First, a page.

Aug. 24: Hispanic protestors pray outside the federal courthouse during an all-day hearing over efforts to persuade a federal judge to block Alabama's immigration law in Birmingham, Ala. On Aug. 29 A federal judge temporarily blocked enforcement of Alabama's new law cracking down on illegal immigration.
By a party-line vote, the House Public Safety and Homeland Security Committee of the Alabama House approved a bill making changes to Alabama's hardline immigration bill.
According to the author of the bill, Republican Rep. Micky Hammon of Decatur, the changes will make the original immigration bill more defensible in the federal court.
"This will make the bill stronger," Harmon told the Associated Press.
Among other changes, the new bill adds language that says church groups and members can minister to people regardless of immigration status. Religious organization had spoken out forcefully against the current bill.
Democrats, however, complained that the changes do not go far enough. Democrat Napoleon Bracy of Mobile complained that the bill does not address concerns that allowing police to question a person if they reasonably suspect that person's an undocumented immigrant could lead to racial profiling.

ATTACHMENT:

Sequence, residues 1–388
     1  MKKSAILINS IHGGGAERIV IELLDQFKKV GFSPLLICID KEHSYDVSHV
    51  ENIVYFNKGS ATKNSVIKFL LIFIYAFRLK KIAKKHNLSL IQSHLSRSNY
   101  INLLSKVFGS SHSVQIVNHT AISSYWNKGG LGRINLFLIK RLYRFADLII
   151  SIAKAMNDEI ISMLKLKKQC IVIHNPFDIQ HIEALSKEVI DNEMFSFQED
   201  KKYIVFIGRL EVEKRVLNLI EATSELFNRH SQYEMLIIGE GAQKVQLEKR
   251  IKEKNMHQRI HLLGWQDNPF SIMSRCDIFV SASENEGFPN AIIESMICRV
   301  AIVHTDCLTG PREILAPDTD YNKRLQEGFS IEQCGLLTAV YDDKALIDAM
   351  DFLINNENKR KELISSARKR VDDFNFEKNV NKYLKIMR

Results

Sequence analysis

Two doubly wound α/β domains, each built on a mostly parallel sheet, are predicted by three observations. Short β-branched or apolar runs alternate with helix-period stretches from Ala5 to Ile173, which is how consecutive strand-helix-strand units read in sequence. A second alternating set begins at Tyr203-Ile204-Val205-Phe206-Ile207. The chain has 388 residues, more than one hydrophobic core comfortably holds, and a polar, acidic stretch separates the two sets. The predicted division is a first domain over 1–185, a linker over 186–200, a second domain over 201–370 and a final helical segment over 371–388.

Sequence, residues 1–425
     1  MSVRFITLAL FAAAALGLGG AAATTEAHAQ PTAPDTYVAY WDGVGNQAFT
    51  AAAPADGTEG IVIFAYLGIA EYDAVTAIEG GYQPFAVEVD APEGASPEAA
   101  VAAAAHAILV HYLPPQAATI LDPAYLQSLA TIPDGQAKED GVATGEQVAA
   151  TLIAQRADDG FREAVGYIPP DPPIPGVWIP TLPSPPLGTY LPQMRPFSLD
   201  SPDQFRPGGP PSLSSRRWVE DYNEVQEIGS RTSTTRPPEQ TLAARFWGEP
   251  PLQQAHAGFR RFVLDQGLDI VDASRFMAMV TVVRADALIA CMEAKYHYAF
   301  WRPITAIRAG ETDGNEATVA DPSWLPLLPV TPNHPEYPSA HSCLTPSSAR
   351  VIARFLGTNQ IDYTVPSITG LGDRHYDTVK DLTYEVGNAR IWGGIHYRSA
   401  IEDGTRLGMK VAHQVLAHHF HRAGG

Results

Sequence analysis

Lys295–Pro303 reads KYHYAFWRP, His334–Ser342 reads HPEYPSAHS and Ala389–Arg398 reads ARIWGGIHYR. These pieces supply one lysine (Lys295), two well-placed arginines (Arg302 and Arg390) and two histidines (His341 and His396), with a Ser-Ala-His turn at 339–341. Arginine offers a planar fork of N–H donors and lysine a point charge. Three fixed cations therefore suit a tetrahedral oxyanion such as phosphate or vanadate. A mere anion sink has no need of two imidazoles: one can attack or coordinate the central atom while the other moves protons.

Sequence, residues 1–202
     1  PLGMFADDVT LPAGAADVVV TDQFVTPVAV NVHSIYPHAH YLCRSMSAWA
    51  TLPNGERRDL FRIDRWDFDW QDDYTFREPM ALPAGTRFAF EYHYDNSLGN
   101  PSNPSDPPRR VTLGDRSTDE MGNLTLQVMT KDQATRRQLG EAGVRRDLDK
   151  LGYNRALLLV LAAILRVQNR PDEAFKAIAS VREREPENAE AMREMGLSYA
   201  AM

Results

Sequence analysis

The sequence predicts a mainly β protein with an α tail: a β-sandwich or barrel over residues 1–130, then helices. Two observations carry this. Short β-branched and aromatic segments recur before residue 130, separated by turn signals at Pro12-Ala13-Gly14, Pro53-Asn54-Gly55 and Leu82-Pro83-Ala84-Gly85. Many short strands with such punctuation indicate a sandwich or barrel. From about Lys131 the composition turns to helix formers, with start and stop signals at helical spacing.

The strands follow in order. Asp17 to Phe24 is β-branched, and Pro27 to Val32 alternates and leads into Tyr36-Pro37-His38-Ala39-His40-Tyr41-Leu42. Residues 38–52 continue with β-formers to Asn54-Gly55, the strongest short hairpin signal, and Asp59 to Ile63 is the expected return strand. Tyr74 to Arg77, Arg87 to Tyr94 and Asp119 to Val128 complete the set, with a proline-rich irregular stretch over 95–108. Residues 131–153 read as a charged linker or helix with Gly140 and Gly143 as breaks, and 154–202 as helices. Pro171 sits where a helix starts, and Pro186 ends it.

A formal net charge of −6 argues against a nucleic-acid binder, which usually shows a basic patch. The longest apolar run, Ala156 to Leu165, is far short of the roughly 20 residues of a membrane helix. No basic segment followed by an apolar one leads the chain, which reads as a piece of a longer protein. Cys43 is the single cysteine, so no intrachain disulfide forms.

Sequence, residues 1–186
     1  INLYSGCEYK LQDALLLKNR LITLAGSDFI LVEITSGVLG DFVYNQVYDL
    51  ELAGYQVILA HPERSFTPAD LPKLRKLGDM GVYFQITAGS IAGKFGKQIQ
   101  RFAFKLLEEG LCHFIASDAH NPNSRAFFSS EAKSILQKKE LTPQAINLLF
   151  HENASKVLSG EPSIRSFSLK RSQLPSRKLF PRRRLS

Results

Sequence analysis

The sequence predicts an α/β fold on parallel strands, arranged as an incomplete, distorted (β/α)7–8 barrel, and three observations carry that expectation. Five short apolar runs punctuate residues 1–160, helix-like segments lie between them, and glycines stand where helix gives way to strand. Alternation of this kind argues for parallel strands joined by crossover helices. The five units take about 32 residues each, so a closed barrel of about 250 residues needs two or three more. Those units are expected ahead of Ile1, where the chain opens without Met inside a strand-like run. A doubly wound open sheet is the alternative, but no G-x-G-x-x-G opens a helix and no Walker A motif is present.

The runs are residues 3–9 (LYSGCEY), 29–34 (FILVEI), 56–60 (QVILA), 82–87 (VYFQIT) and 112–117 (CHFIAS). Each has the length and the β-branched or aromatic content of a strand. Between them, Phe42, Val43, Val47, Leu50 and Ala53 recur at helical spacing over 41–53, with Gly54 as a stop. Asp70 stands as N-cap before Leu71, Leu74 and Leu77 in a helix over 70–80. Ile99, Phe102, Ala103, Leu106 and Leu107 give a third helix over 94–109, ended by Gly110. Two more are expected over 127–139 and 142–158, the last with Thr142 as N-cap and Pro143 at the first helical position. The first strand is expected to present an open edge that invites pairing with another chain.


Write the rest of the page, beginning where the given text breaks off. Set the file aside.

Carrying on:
Part of Alabama's immigration law was struck down in federal court. It's restrictions have caused concerns among civil rights groups, religious organizations, and Latino activists.
An alliance of union and civil rights groups opposed to Alabama's toughest-in-the-nation immigration law have even filed a complaint against the law with the United Nation's International Labor Organization.
Protests against provisions of the law have spread internationally, and have raised concerns among corporations doing business in the state.
Hammon said he expects the bill to come up for a vote in the House Thursday.
This report is based on The Associated Press reporting.